William Shatner may be an overstuffed egotist given to the hammiest acting this side of Miss Piggy, but he’s not what his CD title suggests. The former Capt. James T. Kirk of “Star Trek” fame just won an Emmy for a guest appearance on ABC’s “The Practice” and he’s starring in its new spinoff “Boston Legal.” He’s no has been.

He’s no singer, either. But don’t worry. On “Has Been,” his follow-up to his infamous 1968 spoken-word LP he’s speaking, rather than singing.

Hard to know what to make of this CD. On the noisily percussive “I Can’t Get Behind That,” one of Shatner’s many gripes is “so-called singers that can’t carry a tune, get paid for talking.” On the even more weird “You’ll Have Time,” Shatner cheerfully informs us, “I hate to be the bearer of bad news. But you’re gonna die!”

But some of this stuff is oddly affecting, thanks to his expressive delivery – especially when he talks about finding his wife’s body at the bottom of their swimming pool or trying to reconnect with his estranged daughter after 20 years.

Helping goose a few cuts to Warp One speed, if not Warp Two or Three, is an eye-opening and diverse crew of musical collaborators including arranger and pianist Ben Folds, Brad Paisley, Joe Jackson, Aimee Mann, Adrian Belew, “High Fidelity” author Nick Hornby and punk poet Henry Rollins.

-Howard Cohen

Combining the ferocity and energy of “Fijate bien””” with the emotional and musical sweetness of “Un dia normal,” “Mi sangre” (“My Blood”) is the best yet of Colombian rocker Juanes’ albums. It’s more musical, humane and mature, and should cement Juanes’ status as an artist who’s the real thing.

If “Dia normal” was often about the dreamy excitement of falling in love, “Sangre” is filled with the agony and ecstasy once you’ve gone over the edge. Love is a religious experience on “Para tu amor” (“For Your Love”), “Today and always I give thanks to you, my love, for existing.” The melodies are gorgeous, luxuriously lovely; “No siento penas” (“I Don’t Feel Pain”) booms with happiness, a triumphant “All You Need is Love” march.

But love’s darker side is here, too. The bouncy cumbia strut and humorous double entendres of “La camisa negra” (“The Black Shirt”) only sharpen its bitter subject of unrequited love. Underlying “Mi sangre” is the knowledge that once you’ve fallen in love, the risks of being hurt and the need for affection are much greater.

Co-produced by Juanes and Gustavo Santaolalla, “Sangre” is more musically complex and confident; Juanes’ guitar solos explode with emotion, and there are echos of the Beatles, the Eagles, Colombian folk and more. Juanes invests simple pop lyric structures with inventiveness and depth, playing with similar sounding words like “el mundo” (the world) and “inmundo” (obscene) in “Que pasa?,” an indictment of a terrorism-torn globe; or putting rhymes on unexpected beats.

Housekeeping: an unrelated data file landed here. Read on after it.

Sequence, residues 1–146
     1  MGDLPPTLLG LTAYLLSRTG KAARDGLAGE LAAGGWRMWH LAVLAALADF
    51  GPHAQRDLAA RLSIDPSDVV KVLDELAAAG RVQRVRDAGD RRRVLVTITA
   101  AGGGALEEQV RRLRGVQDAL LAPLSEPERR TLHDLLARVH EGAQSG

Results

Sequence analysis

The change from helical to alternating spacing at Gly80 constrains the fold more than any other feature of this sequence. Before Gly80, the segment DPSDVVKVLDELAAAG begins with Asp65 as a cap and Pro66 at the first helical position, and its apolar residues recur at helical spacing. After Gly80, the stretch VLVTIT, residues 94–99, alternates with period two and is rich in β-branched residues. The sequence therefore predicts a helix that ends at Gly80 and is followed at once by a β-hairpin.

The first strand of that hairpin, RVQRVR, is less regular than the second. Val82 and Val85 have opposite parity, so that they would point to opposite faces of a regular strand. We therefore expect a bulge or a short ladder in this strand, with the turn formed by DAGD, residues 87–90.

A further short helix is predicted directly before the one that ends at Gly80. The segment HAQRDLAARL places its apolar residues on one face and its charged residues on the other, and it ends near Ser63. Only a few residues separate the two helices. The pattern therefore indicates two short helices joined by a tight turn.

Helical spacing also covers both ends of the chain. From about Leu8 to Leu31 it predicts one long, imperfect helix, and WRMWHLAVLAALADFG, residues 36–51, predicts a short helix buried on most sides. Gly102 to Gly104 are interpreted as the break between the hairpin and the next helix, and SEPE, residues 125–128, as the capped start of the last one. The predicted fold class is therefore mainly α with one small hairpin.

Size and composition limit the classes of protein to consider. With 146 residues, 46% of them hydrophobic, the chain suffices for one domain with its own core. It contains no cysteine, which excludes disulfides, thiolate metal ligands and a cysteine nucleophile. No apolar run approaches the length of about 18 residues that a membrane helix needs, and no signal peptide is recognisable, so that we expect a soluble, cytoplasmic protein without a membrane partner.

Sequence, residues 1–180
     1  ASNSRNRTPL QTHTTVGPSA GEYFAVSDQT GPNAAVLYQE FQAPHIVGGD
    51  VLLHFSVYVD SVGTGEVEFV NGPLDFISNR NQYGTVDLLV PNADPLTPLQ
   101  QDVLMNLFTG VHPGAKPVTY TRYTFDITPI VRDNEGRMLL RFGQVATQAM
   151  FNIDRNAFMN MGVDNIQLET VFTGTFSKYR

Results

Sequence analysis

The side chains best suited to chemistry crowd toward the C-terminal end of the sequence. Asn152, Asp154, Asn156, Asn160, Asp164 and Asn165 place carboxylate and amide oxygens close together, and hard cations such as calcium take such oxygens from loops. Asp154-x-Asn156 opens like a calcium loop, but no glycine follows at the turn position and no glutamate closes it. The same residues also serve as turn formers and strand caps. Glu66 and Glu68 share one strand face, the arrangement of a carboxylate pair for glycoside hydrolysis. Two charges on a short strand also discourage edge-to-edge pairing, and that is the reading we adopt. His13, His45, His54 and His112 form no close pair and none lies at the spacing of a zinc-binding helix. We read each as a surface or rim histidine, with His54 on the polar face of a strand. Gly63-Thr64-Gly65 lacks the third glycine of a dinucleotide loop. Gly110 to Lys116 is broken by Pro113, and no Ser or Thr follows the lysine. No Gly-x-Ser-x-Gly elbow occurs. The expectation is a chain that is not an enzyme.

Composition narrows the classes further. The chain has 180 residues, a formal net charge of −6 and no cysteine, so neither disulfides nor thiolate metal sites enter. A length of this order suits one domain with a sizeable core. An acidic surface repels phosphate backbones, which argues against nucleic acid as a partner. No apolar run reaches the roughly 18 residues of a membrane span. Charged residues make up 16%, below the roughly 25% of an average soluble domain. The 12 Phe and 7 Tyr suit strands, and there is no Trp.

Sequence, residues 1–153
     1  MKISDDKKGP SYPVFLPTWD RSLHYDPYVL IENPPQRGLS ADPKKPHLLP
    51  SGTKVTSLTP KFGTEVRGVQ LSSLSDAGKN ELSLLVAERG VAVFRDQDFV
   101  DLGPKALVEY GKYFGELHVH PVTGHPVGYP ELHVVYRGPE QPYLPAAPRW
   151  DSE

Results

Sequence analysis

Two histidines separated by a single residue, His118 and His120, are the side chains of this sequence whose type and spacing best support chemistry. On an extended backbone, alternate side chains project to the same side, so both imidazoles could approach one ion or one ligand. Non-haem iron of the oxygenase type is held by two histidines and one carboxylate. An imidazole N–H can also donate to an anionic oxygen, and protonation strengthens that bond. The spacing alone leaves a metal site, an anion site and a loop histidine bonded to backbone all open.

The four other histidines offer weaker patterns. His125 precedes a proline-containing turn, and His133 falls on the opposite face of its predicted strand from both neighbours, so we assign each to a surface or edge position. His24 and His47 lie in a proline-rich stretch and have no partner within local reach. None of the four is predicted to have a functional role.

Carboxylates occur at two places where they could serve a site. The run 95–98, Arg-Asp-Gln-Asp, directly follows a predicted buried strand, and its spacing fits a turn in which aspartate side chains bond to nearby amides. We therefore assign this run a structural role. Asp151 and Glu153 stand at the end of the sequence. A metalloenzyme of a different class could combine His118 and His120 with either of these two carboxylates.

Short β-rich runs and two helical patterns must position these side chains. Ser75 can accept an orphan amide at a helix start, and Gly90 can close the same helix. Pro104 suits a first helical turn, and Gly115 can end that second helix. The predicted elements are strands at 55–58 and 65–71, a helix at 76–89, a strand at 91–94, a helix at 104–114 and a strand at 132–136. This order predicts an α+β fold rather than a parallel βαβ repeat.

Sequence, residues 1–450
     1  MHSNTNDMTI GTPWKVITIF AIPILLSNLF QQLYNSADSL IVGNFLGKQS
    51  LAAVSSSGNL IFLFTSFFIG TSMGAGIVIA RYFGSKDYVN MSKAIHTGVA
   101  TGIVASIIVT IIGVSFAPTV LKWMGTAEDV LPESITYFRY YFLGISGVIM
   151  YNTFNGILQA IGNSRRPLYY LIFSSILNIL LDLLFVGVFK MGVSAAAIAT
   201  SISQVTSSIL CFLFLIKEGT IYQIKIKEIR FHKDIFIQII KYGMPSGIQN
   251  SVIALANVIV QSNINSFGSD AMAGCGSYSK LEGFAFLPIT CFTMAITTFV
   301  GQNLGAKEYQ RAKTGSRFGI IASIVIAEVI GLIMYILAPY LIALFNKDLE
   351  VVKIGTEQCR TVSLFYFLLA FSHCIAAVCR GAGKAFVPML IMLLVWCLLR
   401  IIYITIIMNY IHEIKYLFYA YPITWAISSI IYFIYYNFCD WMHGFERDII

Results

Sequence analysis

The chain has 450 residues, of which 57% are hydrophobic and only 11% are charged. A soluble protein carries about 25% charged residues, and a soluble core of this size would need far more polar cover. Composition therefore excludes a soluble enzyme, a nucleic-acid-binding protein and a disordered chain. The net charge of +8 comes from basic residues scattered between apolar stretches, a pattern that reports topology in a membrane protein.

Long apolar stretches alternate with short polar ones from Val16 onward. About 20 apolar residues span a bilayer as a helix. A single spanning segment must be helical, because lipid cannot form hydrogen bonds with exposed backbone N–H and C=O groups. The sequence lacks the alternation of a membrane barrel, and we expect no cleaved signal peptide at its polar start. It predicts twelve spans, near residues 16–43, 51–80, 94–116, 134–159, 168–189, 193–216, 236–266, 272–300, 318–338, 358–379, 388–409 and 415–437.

Yet it’s when Juanes plunges straight in that “Sangre” is most affecting. The most moving song may be “Tu guardian” (“Your Guardian”), a song for his infant daughter that swings between sweet lullaby rocking and ecstatic rock guitar. “I’ll always be at your side,” he tells her, an impossible promise you believe as long as he keeps singing.

– Jordan Levin

Hometown favorite Volumen Cero follows up its major label debut with another album of tightly honed, ‘80s and electro influenced rock and roll. With guitars ringing and synthesizers keening over thundering drums and an occasional burst of punk energy, Volumen is a close cousin to the Cure and early U2 – but with a velvety lushness laid over its hard rock bones. “Estelar” (“Spectacular”) doesn’t capture the explosive energy of the group’s live shows. But it’s still a satisfying experience, hypnotic and seductive.

The only things that marks Volumen as Latin are lyrics (mostly) in Spanish and a kind of emotional over-the-top-ness you’d never find in an aspiring Wilco. Singer Luis Tamblay’s voice is full and gorgeous even when he howls. Lyrically, songwriter/guitarist Marthin Chen is caught between full-out romance – “save me from my mind” he writes in “Despiertame” (“Wake Me Up”) – and young American alienation, where he’s “Feeling uninspired, I’m hanging out to dry and there’s no one,” in “Biscayne.” The insights don’t get much deeper than the kind of existential angst that comes when you leave the club at dawn. The songs tend to sound alike, but they stay with you, as beautiful and haunting as night time lights.

– Jordan Levin

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